How will the $2 trillion FX market react to such reckless policy?  Does the dollar get destroyed as we become the last keynesians on the planet?

What happens if the bond market rejects this idea and starts pushing rates higher?

There are other questions but I will stop there. 

The bottom line here is all the Fed will be doing is kicking the can a little further down the road if they decide to do another QE.

Japan basically attempted QE from 2002-2006 and accomplished nothing.

The Fed knows this won't work.  They saw what happened in Japan. 

However, that doesn't mean they won't pull the QE trigger.  In fact, I fully expect them to do so. 


All you need to do is ask yourself who wins with a QE policy?  The bankers of course!  A QE would help them keep the status quo which if FINE by them.

Today's environment doesn't get any better if you are a banker:

You have zero interest rates which is a gift that keeps on giving.  This gives the banks the opportunity to make a killing on bonds as they borrow at zero from the Fed and then buy the long dated bonds.

I laugh when people suggest that we need more stimulus money via QE in order to stimulate lending. 

The banks could care less if they dont have any borrowers.  Who in the heck needs borrowers? They could care less if they lent anyone another nickel.

They are making a fortune by playing the bond game that I explained above.  They alos don't have to take the losses on their bad loans in this current environment which makes the current situation even more beautiful for them.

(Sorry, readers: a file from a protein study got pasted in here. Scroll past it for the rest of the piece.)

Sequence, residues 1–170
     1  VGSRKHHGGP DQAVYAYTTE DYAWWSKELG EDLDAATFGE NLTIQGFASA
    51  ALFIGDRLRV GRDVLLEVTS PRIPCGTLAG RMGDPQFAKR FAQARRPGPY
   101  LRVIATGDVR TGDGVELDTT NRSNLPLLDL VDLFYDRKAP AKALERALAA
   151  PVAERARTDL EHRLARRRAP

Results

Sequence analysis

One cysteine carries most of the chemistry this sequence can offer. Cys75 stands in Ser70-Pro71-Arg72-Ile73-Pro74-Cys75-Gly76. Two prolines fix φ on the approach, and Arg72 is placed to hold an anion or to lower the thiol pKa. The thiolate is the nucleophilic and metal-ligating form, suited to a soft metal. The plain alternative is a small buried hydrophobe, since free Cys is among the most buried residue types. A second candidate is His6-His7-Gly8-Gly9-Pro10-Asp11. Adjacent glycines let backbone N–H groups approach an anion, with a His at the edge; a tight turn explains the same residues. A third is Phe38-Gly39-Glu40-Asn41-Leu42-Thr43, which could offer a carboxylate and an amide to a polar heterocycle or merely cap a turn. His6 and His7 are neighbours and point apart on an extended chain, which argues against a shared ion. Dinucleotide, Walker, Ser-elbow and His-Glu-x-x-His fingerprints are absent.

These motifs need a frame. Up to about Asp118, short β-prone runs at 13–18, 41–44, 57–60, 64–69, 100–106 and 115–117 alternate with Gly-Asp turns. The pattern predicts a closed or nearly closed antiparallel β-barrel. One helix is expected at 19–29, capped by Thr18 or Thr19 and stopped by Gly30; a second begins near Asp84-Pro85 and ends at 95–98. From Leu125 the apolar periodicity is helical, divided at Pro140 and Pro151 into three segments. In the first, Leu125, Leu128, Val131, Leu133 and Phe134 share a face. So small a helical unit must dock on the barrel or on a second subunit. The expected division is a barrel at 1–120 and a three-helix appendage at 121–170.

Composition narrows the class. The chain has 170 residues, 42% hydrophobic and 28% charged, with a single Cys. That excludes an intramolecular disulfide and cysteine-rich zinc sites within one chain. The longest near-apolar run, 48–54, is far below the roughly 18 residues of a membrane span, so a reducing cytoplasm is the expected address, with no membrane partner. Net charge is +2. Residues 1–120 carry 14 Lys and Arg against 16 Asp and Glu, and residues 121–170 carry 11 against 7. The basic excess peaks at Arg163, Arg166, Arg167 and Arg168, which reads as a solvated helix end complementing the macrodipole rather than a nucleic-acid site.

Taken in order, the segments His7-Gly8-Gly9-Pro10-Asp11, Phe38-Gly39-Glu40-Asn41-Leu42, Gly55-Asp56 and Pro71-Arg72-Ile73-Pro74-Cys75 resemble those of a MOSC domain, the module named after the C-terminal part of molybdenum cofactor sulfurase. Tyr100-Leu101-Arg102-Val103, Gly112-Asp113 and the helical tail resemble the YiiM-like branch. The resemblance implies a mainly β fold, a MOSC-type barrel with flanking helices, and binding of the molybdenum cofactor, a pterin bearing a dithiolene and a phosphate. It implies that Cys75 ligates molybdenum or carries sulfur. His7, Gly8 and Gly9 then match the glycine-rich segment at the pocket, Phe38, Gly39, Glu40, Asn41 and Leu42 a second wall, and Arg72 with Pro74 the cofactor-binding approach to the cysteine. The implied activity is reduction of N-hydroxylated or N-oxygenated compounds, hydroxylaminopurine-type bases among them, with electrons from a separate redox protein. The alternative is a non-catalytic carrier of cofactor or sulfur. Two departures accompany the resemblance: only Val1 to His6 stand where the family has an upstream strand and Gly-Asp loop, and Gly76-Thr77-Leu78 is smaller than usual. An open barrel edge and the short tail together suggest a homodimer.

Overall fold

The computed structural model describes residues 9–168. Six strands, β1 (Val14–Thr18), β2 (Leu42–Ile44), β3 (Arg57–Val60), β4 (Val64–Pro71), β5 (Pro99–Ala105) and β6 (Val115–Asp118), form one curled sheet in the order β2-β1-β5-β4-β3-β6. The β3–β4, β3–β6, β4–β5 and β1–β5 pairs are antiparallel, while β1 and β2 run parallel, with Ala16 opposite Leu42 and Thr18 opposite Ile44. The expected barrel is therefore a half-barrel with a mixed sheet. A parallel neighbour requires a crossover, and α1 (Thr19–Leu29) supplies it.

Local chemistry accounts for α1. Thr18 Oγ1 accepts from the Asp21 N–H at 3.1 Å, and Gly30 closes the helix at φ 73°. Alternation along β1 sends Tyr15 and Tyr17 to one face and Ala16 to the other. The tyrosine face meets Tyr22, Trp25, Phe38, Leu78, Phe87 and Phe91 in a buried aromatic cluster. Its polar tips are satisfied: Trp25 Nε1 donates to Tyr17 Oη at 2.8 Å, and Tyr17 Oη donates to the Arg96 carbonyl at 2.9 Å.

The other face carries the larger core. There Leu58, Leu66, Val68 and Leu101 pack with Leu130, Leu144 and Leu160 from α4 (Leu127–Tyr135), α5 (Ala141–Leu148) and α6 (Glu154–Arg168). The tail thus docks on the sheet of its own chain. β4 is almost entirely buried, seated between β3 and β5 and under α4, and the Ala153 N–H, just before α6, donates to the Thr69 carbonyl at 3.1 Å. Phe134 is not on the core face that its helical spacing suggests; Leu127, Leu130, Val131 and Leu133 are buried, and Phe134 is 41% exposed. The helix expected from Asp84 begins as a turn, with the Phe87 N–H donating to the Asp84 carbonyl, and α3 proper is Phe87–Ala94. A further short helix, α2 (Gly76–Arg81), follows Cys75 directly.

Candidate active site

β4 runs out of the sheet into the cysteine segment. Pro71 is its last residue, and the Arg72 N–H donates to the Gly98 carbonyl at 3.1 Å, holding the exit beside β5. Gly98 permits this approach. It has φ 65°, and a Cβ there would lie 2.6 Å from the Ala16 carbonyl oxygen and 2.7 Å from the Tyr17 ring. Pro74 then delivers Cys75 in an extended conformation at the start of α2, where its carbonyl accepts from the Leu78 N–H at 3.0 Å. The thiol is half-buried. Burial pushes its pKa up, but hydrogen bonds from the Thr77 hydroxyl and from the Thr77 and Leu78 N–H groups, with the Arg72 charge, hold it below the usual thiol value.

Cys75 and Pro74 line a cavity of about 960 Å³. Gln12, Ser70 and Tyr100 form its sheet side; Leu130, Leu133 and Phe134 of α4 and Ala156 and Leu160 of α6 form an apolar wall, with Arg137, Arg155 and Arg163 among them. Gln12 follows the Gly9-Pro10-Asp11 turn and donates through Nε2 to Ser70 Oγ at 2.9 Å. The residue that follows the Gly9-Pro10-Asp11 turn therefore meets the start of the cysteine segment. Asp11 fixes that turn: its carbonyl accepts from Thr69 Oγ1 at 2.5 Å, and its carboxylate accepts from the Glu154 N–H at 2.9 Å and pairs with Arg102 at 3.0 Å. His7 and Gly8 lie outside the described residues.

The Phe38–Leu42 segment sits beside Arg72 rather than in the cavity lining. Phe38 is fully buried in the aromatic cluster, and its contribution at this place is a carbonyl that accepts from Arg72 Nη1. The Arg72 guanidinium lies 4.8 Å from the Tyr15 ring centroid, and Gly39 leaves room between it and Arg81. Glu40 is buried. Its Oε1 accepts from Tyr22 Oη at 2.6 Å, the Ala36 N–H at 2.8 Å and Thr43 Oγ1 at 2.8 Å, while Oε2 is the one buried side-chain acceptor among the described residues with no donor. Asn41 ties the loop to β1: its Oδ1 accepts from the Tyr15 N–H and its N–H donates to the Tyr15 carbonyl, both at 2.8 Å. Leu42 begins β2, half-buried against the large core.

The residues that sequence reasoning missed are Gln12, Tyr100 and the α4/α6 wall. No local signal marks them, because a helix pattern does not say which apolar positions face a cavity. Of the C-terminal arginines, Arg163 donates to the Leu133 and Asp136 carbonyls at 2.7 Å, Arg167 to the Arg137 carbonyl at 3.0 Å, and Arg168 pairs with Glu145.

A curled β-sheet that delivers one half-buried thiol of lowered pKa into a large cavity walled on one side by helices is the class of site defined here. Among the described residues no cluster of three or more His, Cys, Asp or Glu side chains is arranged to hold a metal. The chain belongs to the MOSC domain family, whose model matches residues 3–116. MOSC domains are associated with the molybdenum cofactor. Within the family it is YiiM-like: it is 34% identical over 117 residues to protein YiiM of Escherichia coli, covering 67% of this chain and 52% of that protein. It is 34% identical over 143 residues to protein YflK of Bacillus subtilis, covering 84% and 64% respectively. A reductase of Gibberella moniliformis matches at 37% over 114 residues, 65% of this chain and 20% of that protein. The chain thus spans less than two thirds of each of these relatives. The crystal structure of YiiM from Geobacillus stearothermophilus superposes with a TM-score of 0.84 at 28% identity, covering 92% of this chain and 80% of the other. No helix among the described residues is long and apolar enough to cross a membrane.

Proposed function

Life is basically perfect for a banker right now and they have no desire to lend to you althought they would never admit it of course.

Think about it:

Why would the banks want to take on a bunch of risk by lending to a bunch of borrowers who facing the worst economy since The Great Depression!  The only loans they are interested in doing right now are ones that are backed by you the taxpayer via the government.  This is why just about ever home loan goes through FHA now.

The system is perfect for the pigmen and the idea of having the Fed sit on the sidelines without easing and risking an all out collapse is not acceptable.

This is why I fully suspect that you will see a QE2 at some point.  I also expect to see a QE 3,4, and 5 too.  Extend and pretend has been the policy all along.  Why should we believe this will change anytime soon?

I don't know if the Fed will pull the trigger tomorrow.  They may very well wait for more data before pressing the QE button.  The market will likely sell off if the Fed doesn't announce at least some type of easing program IMO.

I fully expect some type of announcement of assistance from the Fed.  Whether or not it will be a QE is debatable.    

If a QE is announced we will see how the bond market reacts, and it will be easy to see how they feel because the government is selling a boatload of long term treasuries this week.

Disclosure:  No new positions taken at the time of publication.


getyourselfconnected said...

hey Jeff!

Wow, our posts tonight could have been companion pieces! Great minds think alike, I hope, HA!

I think the FED will be quiet tomorrow, better to surprise later than telegraph tomorrow.

Jeff said...


I'll have to check it out. Just got home.

Yeah I am guessing they might save it for when the market rolls over again.

If Goldman and the boys are really pressing it might happen tomorrow.

Should be interesting to watch!

getyourselfconnected said...

Thanks for swinging by.

I have to email you a story from a few weeks ago, you are gonna love it!

Jeff said...

Send it!

Wow Futes down pretty hard.


Hmmm....A dovish Fed perhaps?